Air Quality Inside Your House - Don't Take it for Granted
Importance of indoor air quality.
Many of us think that the internal spaces of our houses are protected from pollution and we are safe. Recent researches show that it is not always correct. Internal air can be more hazardous to health than the external air. Although this title specifically mentioned the word "house", this situation is not different for work places or any other habitable spaces. As we all spend more time inside buildings, we should be very careful on this issue. Although the impact of such situation is not immediately felt, weaker inmates such as children, elderly and sick persons can get affected faster. Therefore, it is important to keep an eye on the air quality of inside spaces where you spend most of your time.
Sources of Indoor Pollution
What are the causes of indoor air pollution? Indoor air can be polluted in many ways by indoor and outdoor polution sources. These sources can be materials that went into the construction of building itself, Fuels, decaying material, cleaning liquids and other similar materials, Insecticides and pesticides, systems such as aircondition ducts that collect dust and release it into the indoor spaces, and any others. If the pollutants are allowed to remain in the indoor spaces the concentration of these items can increase and reach a level which is harmful.
Cooking as a Source of Air Pollution
Cooking is one of the main and an avoidable activity in a house, but this can also cause air pollution. In developed nations and urban areas of devoloping nations, the main problem can be the release of harmful gases and particles from deffective fuel burning stoves. Carbon monoxide and Nitrogen dioxide are among such gases commonly released during incomplete burning of fuels.
It is said, in poor countries indoor air pollution caused by burning wood, coal or other cheap fuels in kitchens kills about 1.5 million people worldwide each year. According to recent surveys conducted by WHO, "Afghanistan, Pakistan and Bangladesh had the highest percentage of death and disease linked to indoor air pollution in Asia, followed by India and Laos. Combined, more than half a million deaths occur annually in those countries alone".
"Pollution levels recorded in some Bangladesh and Indian kitchens were up to 40 times higher than the WHO's recommended levels over a 24-hour period. During peak cooking times, those rates spiked even more".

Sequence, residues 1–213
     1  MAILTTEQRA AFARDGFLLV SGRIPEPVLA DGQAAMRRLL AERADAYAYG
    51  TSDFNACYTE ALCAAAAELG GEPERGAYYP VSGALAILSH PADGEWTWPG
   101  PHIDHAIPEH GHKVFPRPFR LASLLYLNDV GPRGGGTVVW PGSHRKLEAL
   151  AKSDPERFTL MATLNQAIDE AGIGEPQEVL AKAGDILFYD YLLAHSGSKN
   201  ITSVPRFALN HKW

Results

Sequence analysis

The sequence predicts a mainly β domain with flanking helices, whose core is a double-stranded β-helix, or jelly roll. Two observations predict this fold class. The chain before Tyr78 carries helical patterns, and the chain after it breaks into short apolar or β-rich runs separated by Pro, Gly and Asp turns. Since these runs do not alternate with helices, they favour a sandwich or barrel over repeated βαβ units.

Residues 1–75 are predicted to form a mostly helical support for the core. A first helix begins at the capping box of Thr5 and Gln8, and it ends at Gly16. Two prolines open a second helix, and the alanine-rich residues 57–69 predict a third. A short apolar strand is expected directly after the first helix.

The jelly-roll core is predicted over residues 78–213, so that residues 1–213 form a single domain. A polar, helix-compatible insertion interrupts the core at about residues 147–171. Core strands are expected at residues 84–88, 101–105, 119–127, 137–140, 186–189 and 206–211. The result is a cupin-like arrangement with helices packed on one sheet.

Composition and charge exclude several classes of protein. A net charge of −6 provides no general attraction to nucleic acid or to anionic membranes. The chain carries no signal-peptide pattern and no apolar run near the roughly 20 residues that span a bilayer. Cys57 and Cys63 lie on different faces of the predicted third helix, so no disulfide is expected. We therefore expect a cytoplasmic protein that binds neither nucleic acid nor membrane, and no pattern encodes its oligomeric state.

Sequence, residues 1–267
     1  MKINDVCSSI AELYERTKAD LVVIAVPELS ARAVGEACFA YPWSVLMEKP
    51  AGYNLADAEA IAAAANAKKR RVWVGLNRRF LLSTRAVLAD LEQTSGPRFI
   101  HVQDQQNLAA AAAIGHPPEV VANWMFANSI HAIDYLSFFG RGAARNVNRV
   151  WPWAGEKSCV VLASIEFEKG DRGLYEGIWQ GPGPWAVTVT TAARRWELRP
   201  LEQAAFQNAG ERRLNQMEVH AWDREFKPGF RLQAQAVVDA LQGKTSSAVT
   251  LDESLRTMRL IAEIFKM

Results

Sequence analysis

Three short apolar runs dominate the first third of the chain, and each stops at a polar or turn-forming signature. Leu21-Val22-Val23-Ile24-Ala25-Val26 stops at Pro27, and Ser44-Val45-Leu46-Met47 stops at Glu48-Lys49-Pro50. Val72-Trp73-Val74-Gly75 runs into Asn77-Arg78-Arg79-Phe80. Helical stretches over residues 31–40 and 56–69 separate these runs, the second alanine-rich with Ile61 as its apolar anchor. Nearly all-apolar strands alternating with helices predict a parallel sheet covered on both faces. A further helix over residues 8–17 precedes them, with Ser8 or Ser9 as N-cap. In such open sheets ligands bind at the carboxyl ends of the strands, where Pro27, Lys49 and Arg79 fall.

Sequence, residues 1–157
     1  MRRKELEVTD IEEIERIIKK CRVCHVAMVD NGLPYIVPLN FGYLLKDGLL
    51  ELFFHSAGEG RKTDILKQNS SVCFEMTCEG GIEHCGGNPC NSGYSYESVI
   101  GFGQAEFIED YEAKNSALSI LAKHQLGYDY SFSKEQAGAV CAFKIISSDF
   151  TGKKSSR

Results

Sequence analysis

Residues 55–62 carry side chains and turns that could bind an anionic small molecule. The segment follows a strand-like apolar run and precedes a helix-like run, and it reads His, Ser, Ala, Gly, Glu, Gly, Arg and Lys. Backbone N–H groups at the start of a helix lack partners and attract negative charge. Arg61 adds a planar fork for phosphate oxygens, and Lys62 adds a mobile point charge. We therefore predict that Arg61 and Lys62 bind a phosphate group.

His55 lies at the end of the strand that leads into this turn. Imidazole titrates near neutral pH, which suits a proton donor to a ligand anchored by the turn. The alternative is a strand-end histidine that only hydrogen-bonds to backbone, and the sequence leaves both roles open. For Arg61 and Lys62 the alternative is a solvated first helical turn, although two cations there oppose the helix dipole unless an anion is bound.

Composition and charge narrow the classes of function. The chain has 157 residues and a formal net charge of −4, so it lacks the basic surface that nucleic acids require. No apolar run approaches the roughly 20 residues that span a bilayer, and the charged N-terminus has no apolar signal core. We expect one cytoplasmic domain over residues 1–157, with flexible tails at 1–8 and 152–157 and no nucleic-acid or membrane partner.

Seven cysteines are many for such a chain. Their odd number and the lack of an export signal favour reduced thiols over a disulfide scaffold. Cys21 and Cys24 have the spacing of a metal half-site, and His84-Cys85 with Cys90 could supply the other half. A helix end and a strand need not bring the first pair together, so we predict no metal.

Recent surveys suggest that large percent of U.S. households used at least one pesticide product indoors during the past year. Products used most often are insecticides and disinfectants. It seems that a very high percent of most people's exposure to pesticides occurs indoors and that measurable levels of up to a dozen pesticides have been found in the air inside homes. The amount of pesticides found in homes appears to be greater than can be explained by recent pesticide use in those households. This means that pollutants from insecticides enter into indoor areas from out side.
Importance of Ventilation
The level of pollutants can be kept low within indoor spaces by providing adequate ventilation. Ventilation ensures that the polluted air is removed and replaced by fresh air. Ventilation can be natural or artificial. Natural ventilation occurs due to pressure difference between internal and external spaces. Outside air enters through operable windows and pushes the indoor air out through other windows or any other openings. Provision of windows on the opposite walls is most beneficial. In some places such as heavily industrialized areas, the external air is extremely polluted. In such places natural ventilation is not a satisfactory option. Extreme climatic conditions also can make this unsuitable in certain areas. In those circumstances controlled air change need to be provided by mechanical means. Depending on the situation these systems should incorporate devices for heating, cooling, humidity control or air purification.
- The Inside Story: A Guide to Indoor Air Quality
This booklet was prepared by the U.S. Environmental Protection Agency (EPA) and the U.S. Consumer Product Safety Commission (CPSC) to help you decide whether to take actions that can reduce the level of indoor air pollution in your own home.
- American Lung association Website
Contains lot of useful information on indoor air quality related matters.
- Indoor air quality
From Wikipedia, the free encyclopedia.
- Cooking can create harmful indoor pollution
Claims of serious potential risks associated with Malay, Chinese and Indian cooking methods present worrying news for budding Ken Homs and Madhur Jaffreys.
- Indoor Air Pollution & Cooking Technologies Interventions
.....biomass-burning systems produce many pollutants, such as particulate matter (PM) and carbon monoxide (CO). The result is indoor PM concentrations hundreds of times the levels deemed acceptable by international standards.
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